Moscow on the Thames
It’s full steam ahead at London’s first Russian bath house
It is 9pm. I am lying face down on a wooden slab in a hot room, musing on how Russian London has become while a tattooed man called Oleg pummels the backs of my thighs with two branches of rustling oak leaves. After all: a Russian man owns Chelsea football club; a Russian has bought the house that backs on to the Duke and Duchess of Cambridge’s in Kensington; a Russian owns a London daily paper and Russian billionaires are battling out their commercial interests in British courts. The oak leaves rustle higher up and as Oleg whisks the branches over my back, my bikini top pings open. “Special Russian technique,” says Oleg, and keeps on pummelling.
My husband and I are in a Russian banya, or bathhouse, in east London, and the special Russian technique that Oleg is employing is parenie, a whole-body thrashing or “massage” with a bundle of twigs while lying in a steamy sauna. It is a ritual best known in its homeland for stimulating the blood circulation and releasing toxins and best known in Britain for the scandal that erupted when it emerged that the then business secretary Peter Mandelson had been ritually thwacked while on a trip to Siberia hosted by a Russian oligarch.
The banya is no stranger to politics. “Many of the most important decisions in Moscow are made in the banya,” Oleg tells us, bringing to mind a vision of Putin with a towel slung around his hips, baring his pecs for a testosterone-fuelled summit with his cronies. Talking politics in the banya seems to be the Russian equivalent of a western businessman cutting a deal on the golf course.
Although we are here on a mixed male and female night, it certainly feels like a boys’ environment. The nofrills changing areas are more gym locker room than hotel spa. Changed into our bathing kit, we are escorted through to what looks like a small clubroom bar with racing-green leatherette booths. A television hanging in the corner is showcasing Russian crooners from the 70s.This is the bar in which we are supposed to rest, eat and knock back vodka shots between sauna sessions. To be clear, the banya is not quite the same as a conventional Nordic sauna, although sitting between its sweltering, aspenclad walls certainly feels like one. It is not as hot; temperature is kept at a tolerable level and the air is “wetter” because of water splashed on a tonne of cast iron which is baking inside a brick furnace. The steamier air is said to be more beneficial for sweating and detoxifying.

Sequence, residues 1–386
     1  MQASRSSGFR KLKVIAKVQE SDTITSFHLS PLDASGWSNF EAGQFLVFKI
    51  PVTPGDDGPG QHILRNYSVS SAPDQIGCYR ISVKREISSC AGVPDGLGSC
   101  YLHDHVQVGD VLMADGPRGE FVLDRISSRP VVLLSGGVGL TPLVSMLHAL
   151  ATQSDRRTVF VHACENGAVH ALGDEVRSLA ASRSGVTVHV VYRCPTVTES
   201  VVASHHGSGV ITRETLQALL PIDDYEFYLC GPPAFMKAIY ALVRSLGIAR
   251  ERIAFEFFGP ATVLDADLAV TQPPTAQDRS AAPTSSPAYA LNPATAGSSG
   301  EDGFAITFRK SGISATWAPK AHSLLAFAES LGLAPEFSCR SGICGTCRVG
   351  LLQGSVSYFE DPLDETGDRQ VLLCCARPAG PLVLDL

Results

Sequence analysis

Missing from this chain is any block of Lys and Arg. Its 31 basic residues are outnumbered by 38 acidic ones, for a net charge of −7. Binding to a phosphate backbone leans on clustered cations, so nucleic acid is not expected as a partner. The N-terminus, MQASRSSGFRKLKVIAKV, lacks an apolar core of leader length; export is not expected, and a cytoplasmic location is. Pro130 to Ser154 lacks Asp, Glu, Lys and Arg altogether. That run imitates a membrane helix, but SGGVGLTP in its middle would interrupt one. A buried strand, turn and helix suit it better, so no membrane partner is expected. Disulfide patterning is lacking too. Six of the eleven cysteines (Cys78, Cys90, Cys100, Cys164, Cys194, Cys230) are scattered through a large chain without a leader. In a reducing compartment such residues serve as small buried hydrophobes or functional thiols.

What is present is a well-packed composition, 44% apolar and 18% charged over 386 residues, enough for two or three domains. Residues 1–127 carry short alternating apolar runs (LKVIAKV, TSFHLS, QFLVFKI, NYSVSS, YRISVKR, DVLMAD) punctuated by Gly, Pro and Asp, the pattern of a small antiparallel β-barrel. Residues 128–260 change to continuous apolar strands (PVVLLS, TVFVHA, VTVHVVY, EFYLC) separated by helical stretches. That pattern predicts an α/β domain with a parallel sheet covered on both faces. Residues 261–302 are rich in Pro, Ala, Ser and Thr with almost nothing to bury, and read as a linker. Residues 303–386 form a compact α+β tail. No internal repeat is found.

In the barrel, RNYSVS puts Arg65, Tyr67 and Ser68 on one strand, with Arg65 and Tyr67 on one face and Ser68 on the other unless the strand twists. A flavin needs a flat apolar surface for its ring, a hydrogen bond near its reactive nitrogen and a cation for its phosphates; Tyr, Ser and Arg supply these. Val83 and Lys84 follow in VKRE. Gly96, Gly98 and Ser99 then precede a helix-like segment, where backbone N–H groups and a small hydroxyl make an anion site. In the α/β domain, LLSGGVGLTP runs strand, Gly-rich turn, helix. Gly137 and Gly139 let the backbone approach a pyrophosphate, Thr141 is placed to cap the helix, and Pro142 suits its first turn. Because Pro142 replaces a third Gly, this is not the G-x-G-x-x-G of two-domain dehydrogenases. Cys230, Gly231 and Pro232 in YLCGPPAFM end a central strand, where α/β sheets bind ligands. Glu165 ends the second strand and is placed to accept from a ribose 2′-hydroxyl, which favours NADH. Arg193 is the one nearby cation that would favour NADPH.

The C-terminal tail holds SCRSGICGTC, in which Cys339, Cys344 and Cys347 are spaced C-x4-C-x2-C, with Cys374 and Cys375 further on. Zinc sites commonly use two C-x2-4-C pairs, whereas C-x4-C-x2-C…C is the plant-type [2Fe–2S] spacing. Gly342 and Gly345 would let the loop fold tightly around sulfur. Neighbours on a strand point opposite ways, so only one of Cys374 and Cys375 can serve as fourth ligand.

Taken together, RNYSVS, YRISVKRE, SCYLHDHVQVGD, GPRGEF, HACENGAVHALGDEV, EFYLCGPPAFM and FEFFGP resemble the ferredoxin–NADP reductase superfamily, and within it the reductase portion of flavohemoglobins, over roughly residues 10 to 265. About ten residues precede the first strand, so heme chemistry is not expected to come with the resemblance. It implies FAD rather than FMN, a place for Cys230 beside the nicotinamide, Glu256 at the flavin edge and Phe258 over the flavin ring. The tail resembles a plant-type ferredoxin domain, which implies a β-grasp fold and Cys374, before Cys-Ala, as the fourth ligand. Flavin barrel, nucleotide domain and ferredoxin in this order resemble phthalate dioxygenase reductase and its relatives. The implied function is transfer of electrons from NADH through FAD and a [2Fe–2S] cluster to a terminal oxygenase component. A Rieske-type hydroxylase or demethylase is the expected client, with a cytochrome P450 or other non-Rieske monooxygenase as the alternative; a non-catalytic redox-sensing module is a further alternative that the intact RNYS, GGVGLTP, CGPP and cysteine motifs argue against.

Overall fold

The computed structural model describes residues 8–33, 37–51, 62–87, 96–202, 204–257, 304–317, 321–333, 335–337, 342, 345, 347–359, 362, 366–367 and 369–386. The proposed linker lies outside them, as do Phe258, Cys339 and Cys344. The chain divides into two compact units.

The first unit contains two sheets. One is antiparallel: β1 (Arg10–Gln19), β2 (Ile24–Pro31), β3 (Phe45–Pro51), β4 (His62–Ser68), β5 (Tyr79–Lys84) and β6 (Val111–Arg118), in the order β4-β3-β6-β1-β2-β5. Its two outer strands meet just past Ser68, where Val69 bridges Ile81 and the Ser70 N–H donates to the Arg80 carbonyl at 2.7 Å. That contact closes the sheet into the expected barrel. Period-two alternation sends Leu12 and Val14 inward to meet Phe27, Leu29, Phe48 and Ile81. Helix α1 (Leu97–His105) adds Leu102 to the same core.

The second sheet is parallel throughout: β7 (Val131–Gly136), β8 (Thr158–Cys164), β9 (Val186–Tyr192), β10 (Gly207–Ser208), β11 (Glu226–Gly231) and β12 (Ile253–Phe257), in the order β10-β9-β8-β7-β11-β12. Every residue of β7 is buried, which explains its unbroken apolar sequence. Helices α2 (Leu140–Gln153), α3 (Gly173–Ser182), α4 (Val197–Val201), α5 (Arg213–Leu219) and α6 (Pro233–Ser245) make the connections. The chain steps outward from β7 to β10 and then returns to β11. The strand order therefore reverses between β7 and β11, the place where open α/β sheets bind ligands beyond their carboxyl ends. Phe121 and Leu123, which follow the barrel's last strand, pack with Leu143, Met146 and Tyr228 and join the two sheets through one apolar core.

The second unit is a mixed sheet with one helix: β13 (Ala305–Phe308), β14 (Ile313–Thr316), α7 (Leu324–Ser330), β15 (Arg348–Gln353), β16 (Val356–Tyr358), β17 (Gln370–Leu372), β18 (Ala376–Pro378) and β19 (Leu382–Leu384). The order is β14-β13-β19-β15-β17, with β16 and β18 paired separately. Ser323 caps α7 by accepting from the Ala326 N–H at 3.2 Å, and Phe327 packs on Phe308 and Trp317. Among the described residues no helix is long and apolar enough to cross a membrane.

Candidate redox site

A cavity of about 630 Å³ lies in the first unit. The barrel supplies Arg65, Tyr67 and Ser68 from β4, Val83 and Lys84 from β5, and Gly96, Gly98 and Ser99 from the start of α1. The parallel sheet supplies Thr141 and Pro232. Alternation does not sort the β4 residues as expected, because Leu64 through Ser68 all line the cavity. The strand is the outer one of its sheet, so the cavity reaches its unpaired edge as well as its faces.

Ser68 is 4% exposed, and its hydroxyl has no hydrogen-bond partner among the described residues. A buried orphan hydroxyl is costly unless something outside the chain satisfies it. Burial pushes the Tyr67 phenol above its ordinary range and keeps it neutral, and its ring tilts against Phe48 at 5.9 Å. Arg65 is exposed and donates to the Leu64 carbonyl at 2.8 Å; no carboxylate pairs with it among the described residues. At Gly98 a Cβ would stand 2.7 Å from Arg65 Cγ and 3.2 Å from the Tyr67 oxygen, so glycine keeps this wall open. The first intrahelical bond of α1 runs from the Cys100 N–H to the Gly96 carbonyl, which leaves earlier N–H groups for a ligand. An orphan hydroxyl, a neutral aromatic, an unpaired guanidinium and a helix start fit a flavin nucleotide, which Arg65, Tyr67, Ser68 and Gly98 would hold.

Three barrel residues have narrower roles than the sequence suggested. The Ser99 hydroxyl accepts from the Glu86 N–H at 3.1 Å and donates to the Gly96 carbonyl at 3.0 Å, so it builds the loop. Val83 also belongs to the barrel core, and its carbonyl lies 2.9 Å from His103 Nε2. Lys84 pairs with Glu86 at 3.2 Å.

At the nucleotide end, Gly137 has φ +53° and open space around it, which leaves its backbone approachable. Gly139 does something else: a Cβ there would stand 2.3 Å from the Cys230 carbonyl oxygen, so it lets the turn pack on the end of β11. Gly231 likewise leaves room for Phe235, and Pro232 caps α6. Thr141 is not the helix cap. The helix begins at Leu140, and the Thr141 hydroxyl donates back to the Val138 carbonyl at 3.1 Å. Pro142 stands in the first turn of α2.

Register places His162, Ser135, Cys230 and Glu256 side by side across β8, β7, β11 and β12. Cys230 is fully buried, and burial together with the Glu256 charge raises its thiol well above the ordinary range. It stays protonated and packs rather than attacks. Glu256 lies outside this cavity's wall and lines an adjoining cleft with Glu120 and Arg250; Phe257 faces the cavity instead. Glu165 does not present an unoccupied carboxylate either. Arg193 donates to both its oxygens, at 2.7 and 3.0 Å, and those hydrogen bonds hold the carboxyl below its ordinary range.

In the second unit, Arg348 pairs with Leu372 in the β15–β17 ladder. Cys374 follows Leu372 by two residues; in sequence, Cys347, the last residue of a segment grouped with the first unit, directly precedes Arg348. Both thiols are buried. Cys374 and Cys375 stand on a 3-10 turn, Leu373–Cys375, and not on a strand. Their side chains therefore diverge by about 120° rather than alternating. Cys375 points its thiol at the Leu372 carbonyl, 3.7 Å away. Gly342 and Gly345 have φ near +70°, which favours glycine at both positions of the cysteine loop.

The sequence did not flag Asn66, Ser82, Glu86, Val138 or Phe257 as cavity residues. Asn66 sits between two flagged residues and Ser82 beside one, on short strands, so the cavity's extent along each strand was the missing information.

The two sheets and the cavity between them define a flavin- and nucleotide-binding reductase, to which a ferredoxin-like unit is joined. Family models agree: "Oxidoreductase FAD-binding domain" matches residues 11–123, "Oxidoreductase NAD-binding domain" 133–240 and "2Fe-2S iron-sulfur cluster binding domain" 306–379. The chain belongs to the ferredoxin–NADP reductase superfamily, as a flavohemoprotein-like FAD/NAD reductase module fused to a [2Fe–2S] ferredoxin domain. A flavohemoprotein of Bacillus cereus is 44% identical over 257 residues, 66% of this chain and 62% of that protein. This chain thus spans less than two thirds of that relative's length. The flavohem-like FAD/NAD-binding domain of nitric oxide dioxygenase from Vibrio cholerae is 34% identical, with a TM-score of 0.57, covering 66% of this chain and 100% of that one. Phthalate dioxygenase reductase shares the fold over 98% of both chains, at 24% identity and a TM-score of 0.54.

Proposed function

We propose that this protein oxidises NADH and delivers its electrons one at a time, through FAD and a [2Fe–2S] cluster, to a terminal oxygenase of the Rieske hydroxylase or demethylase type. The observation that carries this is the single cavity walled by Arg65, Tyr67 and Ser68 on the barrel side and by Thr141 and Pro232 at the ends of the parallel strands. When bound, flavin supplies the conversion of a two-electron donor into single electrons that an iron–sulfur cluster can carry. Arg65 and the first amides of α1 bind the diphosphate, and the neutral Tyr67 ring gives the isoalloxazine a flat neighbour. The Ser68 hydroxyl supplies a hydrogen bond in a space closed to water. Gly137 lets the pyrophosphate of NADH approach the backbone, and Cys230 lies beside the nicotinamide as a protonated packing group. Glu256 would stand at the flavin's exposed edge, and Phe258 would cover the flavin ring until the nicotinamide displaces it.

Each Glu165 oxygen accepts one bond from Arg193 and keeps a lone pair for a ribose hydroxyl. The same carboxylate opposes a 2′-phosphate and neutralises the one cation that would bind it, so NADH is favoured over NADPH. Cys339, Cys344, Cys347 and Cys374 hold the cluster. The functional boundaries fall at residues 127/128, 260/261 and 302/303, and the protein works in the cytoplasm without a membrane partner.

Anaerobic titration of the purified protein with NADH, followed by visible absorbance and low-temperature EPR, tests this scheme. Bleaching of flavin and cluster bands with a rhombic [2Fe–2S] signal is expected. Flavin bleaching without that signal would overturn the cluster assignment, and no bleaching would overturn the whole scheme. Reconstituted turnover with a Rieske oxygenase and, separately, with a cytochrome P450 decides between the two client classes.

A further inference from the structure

As we walk into the banya we are each handed a small felt hat that looks like a tea cosy. Not only does it strip any remaining glamour from an already sweaty situation, but the hat, we are told, keeps our heads from getting too hot. There are only a couple of other people in the hot room, one of whom is Ukrainian. We sit sweating together until a toothless old Russian guy walks in and gestures at a slab of wood in the corner. I volunteer not to go first.
It is like something from a James Bond film. Just as my husband gets comfortable, the old guy exits and a huge young man with a glistening bare chest and a jaw that looks like it’s been squared off on a butcher’s block walks in twirling two bunches of leaves, cheerleader style. It’s funny to watch; less funny when it’s my turn. At first it feels like heavy rainfall on my calves, up the backs of my thighs, onto back and shoulders. But as the parenie progresses the tickling turns into slapping, which turns into thwacking. The idea is apparently not to massage the body but to increase blood circulation and bring the blood, and toxins, up to the skin’s surface. The bundle of twigs, called a venik, can be oak, birch or, for a more aromatic experience, eucalyptus. A few minutes into the parenie the door opens and the buff man is substituted by Oleg, who is twirling a new set of branches.
It is a 10-minute ordeal, with three different veniki. It feels strange, but only becomes unpleasant in the last minute, not because it is painful (which strangely, it isn’t) but because the twigs’ increasing tempo is moving the air at such a pace it suddenly feels claustrophobically hot. Exactly at this moment, I am helped to my feet, led out of the sauna and placed under a bucket shower that is pulled with a rope. Icy water cascades over me and I’m hard pressed not to shriek. But the punishment is not over. Oleg leads me up the stairs of a deep, wooden plunge pool and I am encouraged (well, forced, sort of) to jump in and submerge myself. The water is 8C and I am in and out like a jack-in-the-box. My husband manages to stay in for a few seconds, but when he emerges, red-faced with his mouth gulping for breath like a goldfish, I worry for a moment he’s going to have a stroke. In fact, the heat followed by extreme cold is supposed to have the opposite effect. The old Russian man thumps his chest and says something to Oleg, who translates. “If you do this regularly, no heart attack. No stroke,” he says.
We retire to the bar and order gherkins, a couple of shots of vodka and a glass of beetroot kvass. When the kvass arrives, we look at the deep purple drink. “What is this?” I ask the Russian waitress. She picks up the glass. She looks at it. And she gives a Baltic shrug: “It is this,” she says. And she’s right. It is. Parts of the Russian ritual remain mysterious to us, but not its appeal. Almost three hours have passed and we leave the banya feeling renewed. Tingly and energised, only partly thanks to the vodka, we emerge into the night and make our way back through the lights of Moscow-on-Thames
TELEGRAPH MEDIA GROUP